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ClimateSA: historical and projected climate data for Mexico, Central and South America

The software, downloadable from this web page, can be used to estimate more than 50 monthly, seasonal, and annual variables, including many economically or biologically relevant variables such as growing and chilling degree days, heating and cooling degree days, Hargrave's moisture deficit and reference evaporation, beginning and end of the frost-free period, etc.

Historical data covers 1901-2020 are based on the CRU-TS 4.05 dataset (Harris et al, 2020, Scientific data 7: 109). Future projections are based on 15 AOGCMs of the CMIP5 multimodel dataset corresponding to the IPCC Assessment Report 5 (2013) x 2 Emission Scenarios (RCP4.5 and RCP8.5) x 3 standard time-slices (2020s, 2050s, 2080s). Average projected global warming increase (and likely range) for RCP4.5 are: +1.4°C (±0.5) by the 2050s; +1.8°C (±0.7) by the 2080s. For RCP8.5 they are: +2.0°C (±0.6) by the 2050s; +3.7°C (±0.9) by the 2080s.

The 15 AOGCMs are CanESM2, ACCESS1.0, IPSL-CM5A-MR, MIROC5, MPI-ESM-LR, CCSM4, HadGEM2-ES, CNRM-CM5, CSIRO Mk 3.6, GFDL-CM3, INM-CM4, MRI-CGCM3, MIROC-ESM, CESM1-CAM5, GISS-E2R and were chosen to represent all major clusters of similar AOGCMs by Knutti et al (2013). Within clusters, we selected models that had the highest validation statistics in their CMIP3 equivalents.

Video tutorial

Get started with these two video-tutorials. This first video explains the basic functionality of the software (1) interactive query of climate for locations, (2) processing spreadsheets of locations, (3) generating time series of climate. The second video explains in detail how to generate climate grids, and how to automate generation of multiple climate surfaces for a variety of climate variables, historical time periods and future projections.

Tutorial 1: Learn the basic operation of the software

For tutorials about generating gridded climate surfaces see: http://tinyurl.com/ClimateEU.

Download Links

This program does not require installation. Download, unzip, and double click the executable file ClimateAB.exe. The program should run on all versions of Windows. If you receive the error message "COMCTL32.OCX missing", you have to install these libraryfiles. The program also runs on Linux, Unix and Mac systems with the free software Wine or MacPorts/Wine).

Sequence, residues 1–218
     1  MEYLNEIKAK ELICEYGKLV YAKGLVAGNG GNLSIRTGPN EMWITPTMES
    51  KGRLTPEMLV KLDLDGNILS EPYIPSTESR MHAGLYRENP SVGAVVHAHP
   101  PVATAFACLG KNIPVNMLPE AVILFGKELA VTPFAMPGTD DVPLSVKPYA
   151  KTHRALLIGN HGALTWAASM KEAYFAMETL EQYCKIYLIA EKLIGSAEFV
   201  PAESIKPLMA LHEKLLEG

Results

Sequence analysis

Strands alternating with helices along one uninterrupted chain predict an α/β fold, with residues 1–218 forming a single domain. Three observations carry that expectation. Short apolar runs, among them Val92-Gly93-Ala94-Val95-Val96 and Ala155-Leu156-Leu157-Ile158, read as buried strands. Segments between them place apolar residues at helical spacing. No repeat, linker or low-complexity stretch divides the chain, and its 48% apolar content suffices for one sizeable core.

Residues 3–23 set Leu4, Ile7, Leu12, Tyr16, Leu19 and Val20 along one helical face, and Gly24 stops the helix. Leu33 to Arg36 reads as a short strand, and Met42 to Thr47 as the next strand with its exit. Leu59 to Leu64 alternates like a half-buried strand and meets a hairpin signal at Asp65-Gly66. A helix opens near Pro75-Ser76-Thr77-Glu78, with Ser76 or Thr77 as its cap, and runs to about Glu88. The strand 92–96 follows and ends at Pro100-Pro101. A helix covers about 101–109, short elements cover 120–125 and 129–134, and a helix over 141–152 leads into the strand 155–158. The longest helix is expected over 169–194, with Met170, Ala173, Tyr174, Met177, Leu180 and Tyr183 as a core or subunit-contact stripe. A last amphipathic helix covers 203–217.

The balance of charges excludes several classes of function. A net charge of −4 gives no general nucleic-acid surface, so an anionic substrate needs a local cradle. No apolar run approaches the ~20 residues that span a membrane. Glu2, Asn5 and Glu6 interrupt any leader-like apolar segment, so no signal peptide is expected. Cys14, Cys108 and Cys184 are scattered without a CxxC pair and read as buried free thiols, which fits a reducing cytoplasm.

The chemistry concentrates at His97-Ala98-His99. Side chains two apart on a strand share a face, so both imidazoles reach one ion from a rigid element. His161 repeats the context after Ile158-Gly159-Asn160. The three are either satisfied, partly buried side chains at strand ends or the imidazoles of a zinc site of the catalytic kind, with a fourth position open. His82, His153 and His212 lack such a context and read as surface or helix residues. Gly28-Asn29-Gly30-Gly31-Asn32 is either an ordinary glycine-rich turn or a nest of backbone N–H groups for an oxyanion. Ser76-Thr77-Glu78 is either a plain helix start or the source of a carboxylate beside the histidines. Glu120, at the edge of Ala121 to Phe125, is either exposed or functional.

Note that this is a beta version of ClimateSA that still undergoes some improvements to the code and model calibration. Please proceed with appropriate caution, and report any errors or suspicious estimates to help improve the work (andreas.hamann@ualberta.ca). Should we discover any major errors, a log of changes will be posted here.

ClimateSA v1.12 (2020-05-05 update) - covers South and Central America and includes AR5/CMIP5 projections and CRU 4.05 historical data from 1901 to 2020.
Legacy CMIP3 multimodel future projections corresponding to IPCC Assessment Report 4 (2007). To use them, unzip the archive and place the .gcm files into the GCMdat folder of ClimateSA.


Note that the ClimateSA package has not undergone peer-review yet. In the interim, reference usage like this: "Climate data has been generated with the ClimateSA v1.0 softwarepackage, available at http://tinyurl.com/ClimateSA, based on methodology described by Hamann et al. (2013)."

Hamann, A. and Wang, T., Spittlehouse, D.L., and Murdock, T.Q. 2013. A comprehensive, high-resolution database of historical and projected climate surfaces for western North America. Bulletin of the American Meteorological Society 94: 13071309.
Wang, T., Hamann, A., Spittlehouse, D.L. and Murdock, T.Q. 2012. ClimateWNA - High-resolution spatial climate data for western North America. Journal of Applied Meteorology and Climatology 51: 16-29
Mbogga, M., Hamann, A. and T. L. Wang. 2009. Historical and projected climate data for natural resource management in western Canada. Agricultural and Forest Meteorology 149: 881-890.
Wang, T., Hamann, A. Spittlehouse, D. L., and Aitken, S. N. 2006. Development of scale-free climate data for western Canada for use in resource management. International Journal of Climatology 26: 383-397. .
Hamann, A., and T. L. Wang. 2005. Models of climatic normals for genecology and climate change studies in British Columbia. Agricultural and Forest Meteorology 128: 211-221.


This research has, in part, been sponsored by Fulbright Canada under the Fulbright NEXUS Regional Scholar Program. Additional graduate student funding to develop and validate this database was provided by CONACyT Mexico.